Sunday, January 9, 2011

The Politics of the Tucson Shootings

My immediate reaction to the shooting of Congressman Gabrielle Giffords was "Crap, I hope she wasn't a liberal." There are two reasons for that: if she was, then 1) I wouldn't be able to watch or read the news for several weeks without being inundated by stupid commentary about the "irresponsible vitriol" directed at liberals from the political right; and 2) this random, despicable crime, committed by an obvious lunatic, could significantly impede the new Republican House majority's agenda to curb the growth of government control over the economy. It turns out Giffords was/is not particularly liberal, but because she was a Democrat, it looks like many on the left will try to coopt this tragedy for political gain anyway.

It almost goes without saying (at least for the half-dozen people who read this blog from time to time), but I'll say it anyway, that it is idiotic to blame our political discourse for such a tragedy. Besides the fact that political speech is probably more polite and "PC" than at any time in US history, especially when it comes to very emotional and significant political issues, it's unclear that the use of violent imagery and harsh criticism is even positively correlated with political violence, let alone materially so. And any causal relationship is even less clear. Finally, even if colorful political rhetoric could be proven to increase political violence, I think that's just something we have to accept as a society. In a country of 310MM people, the level of political violence is so low that the threat of violence simply doesn't have the intended effect (assuming of course the perpetrator of the threat is not thinking one level deeper and attempting to sabotage the opponents of his target).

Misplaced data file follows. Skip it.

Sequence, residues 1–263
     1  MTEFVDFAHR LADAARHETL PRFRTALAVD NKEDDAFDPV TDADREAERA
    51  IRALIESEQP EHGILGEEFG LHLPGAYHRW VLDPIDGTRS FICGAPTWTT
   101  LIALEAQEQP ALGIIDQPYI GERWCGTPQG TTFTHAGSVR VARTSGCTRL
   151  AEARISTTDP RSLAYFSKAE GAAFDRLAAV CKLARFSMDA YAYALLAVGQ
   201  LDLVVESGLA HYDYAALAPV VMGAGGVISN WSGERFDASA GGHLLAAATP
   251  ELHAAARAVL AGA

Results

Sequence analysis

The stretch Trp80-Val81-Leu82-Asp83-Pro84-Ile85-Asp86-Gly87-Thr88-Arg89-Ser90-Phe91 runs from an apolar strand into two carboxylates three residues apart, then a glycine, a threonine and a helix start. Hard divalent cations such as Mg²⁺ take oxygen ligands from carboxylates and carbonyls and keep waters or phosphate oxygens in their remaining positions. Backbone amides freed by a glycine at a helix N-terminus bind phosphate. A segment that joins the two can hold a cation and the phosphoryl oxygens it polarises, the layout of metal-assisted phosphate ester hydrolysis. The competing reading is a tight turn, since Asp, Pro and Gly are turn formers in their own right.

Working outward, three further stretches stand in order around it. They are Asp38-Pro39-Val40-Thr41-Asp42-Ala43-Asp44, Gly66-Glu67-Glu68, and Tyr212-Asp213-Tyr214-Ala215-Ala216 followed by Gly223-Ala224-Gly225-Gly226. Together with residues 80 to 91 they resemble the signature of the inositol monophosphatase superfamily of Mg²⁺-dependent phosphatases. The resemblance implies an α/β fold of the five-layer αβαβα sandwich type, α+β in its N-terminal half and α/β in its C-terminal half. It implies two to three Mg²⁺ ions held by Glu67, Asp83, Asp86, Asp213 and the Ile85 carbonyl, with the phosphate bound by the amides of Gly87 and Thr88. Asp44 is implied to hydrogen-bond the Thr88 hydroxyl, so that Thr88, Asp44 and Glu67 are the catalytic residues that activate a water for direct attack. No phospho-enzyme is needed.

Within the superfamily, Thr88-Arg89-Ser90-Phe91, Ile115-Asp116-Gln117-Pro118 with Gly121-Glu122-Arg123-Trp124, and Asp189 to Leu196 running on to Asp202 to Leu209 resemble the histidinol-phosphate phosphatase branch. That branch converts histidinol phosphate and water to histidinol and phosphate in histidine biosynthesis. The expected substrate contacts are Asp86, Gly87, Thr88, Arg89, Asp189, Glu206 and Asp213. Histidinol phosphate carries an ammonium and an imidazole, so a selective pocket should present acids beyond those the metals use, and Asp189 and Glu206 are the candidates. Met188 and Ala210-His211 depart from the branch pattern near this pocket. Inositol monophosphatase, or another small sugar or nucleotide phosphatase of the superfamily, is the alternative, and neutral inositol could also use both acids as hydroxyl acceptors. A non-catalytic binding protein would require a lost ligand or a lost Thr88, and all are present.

I'll end this post by pointing out what a jackass Pima County Sheriff Clarence Dupnik is. Without any evidence (the shooter is not talking), he implied strongly that recent political fights in Arizona, which he equates to prejudice and bigotry, would have a motivating effect on unbalanced people like the shooter to commit violence.

His implication of course is logically inconsistent with the facts concerning the shooting. If the political environment in Arizona is so toxic that unbalanced people could be incited to commit violence, why was there zero security at a campaign event for a sitting congressman? Literally zero -- there wasn't even a security guard on duty at the shopping mall. If the sheriff really believed that political violence was caused by vitriolic rhetoric, and that Arizona was the "capital" and the "Mecca" of such rhetoric, then he was completely negligent in carrying out his duties.

The fact that congressmen generally do not receive security at public events, even liberal congressman who are the targets of Tea Party ire, undermines the credibility of after-the-fact accusations like those of the sheriff's. To be clear, I think it's amazing that important public officials like congressmen do not routinely have security. That's pretty good evidence that the real professionals in the law enforcement establishment do not take political rhetoric seriously.

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